Virgin Megastores - 18th August 2003

David Bowie's Reality Check

By Mark Wood

Virgin Megatores has had a sneak preview of the glam-rock star's forthcoming album, and we can tell you it sits among his best albums...

It's tough being a die-hard Bowie fan right now. Ever since his late-'90s critical rehabilitation culminating in last year's triumphant Heathen album, he's had the critics crawling over one another to say that they'd always thought that Bowie was the best, most influential and most forward thinking persons in the history of rock 'n' roll.

Many of us loyal folk couldn't help feeling a bit stung. Granted, the man made a couple of stale stadium rock albums in the 1980s but it would have been nice, if not justifiable, if the same folk who love him again now, had noticed that Bowie had never stopped being a vital, exciting and brilliant contributor to music.

To prove it just look at 1993's (recently reissued) Black Tie White Noise. It was a marvellous fusion of rock 'n' soul, a kind of Station To Station for the thirtysomethings. And there was the still overlooked, Buddha Of Suburbia soundtrack that was a masterpiece of wistfulness and tasteful nostalgia for the early-1970s. Outside wasn't just a bold and brave, disturbingly jagged, avant-garde attempt to do something different with the album format, but also a long-awaited project with that other post-glam genius, Brian Eno.

As for the much-maligned Earthling - had the Loaded laddish crowd been able to prise their ears away from their Oasis records, they'd have discovered an angular, thoroughly modern powerhouse of new wave and jungle, sort of as if the Lodger had somehow woken up and found himself running a sound system with Nine Inch Nails and The Prodigy at the Notting Hill Carnival.

From the off it's apparent that the momentum garnered by the success of Heathen continues apace on Reality. Opening track and new single New Killer Star finds Bowie all revved up and ready on what's his best out-and-out rocker in years. In fact, imagine '84's Blue Jean single with the right kind of lyrics and without the over-egged production and you're almost there. Urgent, relentless and a great scene setter for what's a terrifically energetic album, New Killer Star certainly shows more chart potential than the whole of Heathen's delicate, half-shadowy tunes put together. On Never Get Old Bowie dusts off his trusty Cockney voice and puts it to great use over a cracking (the band really sound good on this album) track that twists about all over the place. You can hear this one ricocheting around stadiums this autumn but I mean that in a GOOD way.

You want a Jean Genie / Rebel Rebel glam rock stomper? Then Looking For Water will give it to you. Coming over like the sluttish half-sister of Primal Scream's Rocks it leads nicely into She'll Drive The Big Car, wherein, if things weren't already noisy enough, Bowie tries out an eerie siren vocal effect. Surpassing even these two humdingers in the noise department is Reality's penultimate title track, a relentless noise-fest that leaves one wondering whether THIS is what Bowie had in his mind when he embarked on the hit 'n' miss Tin Machine project.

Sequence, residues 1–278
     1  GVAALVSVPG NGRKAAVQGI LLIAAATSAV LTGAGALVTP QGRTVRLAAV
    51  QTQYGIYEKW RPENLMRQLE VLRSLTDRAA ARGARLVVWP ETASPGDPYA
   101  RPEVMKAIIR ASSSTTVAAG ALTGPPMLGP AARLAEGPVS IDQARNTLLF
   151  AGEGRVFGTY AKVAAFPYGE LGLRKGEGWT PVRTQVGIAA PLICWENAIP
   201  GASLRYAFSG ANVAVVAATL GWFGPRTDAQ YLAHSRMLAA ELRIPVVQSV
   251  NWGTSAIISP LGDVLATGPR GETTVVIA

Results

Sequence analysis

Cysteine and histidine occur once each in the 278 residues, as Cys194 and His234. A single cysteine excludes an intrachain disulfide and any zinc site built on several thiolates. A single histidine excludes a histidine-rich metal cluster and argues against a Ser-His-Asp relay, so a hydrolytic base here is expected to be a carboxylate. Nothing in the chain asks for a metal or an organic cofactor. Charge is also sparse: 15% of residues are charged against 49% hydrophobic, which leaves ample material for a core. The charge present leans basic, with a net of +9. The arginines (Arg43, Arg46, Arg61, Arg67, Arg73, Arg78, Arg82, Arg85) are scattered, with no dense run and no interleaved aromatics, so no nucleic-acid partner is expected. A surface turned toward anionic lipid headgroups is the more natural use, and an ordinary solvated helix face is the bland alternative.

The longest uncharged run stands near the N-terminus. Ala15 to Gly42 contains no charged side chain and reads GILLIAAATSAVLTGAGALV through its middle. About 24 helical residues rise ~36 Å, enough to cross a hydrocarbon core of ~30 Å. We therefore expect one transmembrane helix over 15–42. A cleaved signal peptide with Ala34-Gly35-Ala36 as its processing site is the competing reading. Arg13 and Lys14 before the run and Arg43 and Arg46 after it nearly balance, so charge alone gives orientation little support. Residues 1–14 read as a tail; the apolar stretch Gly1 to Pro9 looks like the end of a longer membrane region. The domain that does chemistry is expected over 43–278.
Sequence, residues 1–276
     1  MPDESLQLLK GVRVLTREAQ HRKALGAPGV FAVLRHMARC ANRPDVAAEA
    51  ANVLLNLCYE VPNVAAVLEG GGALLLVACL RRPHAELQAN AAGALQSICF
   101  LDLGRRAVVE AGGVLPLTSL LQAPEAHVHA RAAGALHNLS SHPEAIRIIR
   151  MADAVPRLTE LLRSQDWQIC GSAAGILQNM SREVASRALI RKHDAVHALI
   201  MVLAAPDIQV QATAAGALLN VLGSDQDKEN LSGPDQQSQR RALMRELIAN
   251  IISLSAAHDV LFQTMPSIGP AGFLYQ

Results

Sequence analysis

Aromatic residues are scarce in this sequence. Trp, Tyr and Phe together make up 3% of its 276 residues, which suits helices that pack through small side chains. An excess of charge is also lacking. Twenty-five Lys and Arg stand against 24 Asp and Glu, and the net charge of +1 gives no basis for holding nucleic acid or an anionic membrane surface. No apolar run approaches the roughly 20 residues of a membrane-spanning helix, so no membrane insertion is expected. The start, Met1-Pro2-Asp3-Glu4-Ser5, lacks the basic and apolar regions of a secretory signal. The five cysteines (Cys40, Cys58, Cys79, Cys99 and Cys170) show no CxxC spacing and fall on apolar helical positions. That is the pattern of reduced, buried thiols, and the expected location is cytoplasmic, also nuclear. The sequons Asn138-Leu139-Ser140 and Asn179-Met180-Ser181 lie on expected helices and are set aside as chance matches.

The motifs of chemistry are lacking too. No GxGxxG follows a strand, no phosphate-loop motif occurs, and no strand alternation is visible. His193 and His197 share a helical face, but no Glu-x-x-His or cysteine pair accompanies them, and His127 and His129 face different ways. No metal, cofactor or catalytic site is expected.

While the vast majority of Reality is made up of rockers, it does have its quiet moments. The Loneliest Guy starts out sounding something like Kate Bush's Breathing before breaking into an adorably mournful ballad with a cracked After All-style vocal from the man and some gorgeous mellotron-style effects throughout. On the melodic, mid-tempo Days Visconti scores some neat strings onto a track that's a worthy heir to Drive-In Saturday in the swooning stakes while a contender for best track on what's a remarkably consistent album has to be Fall Dog Bombs The Moon. Full of wonder and magic it's classic Bowie, and if it ain't the next single from Reality I'm walking out for good.

Two carefully chosen cover versions also make an appearance on the album. Already covered by John Cale but given a complete Iggy-ish overhaul by Bowie and co. is the Jonathon Richman classic Pablo Picasso. The real shocker here though is the much talked about version of Ronnie Spector's Try Some Buy Some. If you were in any way expecting something along the lines of cutesy girl group stuff then prepare yourself for a shock. This little baby is a curiously dark and dense version that builds with almost unbearable tension into a huge climax a la All The Young Dudes.

Bowie's work has always lent itself to being grouped in trilogies (consider the Low to Lodger Berlin trilogy, the Let's Dance to never Let Me Down stadium rock trilogy etc), and Reality would seem to fit in as the last in a group of works that began back in 1999 with 'hours...'. While that was a great album it wasn't until the release of Heathen last year that it became apparent that the man had finally found himself a niche where he was both comfortable with his former glories and capable of taking his work into fascinating new areas. Reality is the best of the three and we can only guess where the man's headed next.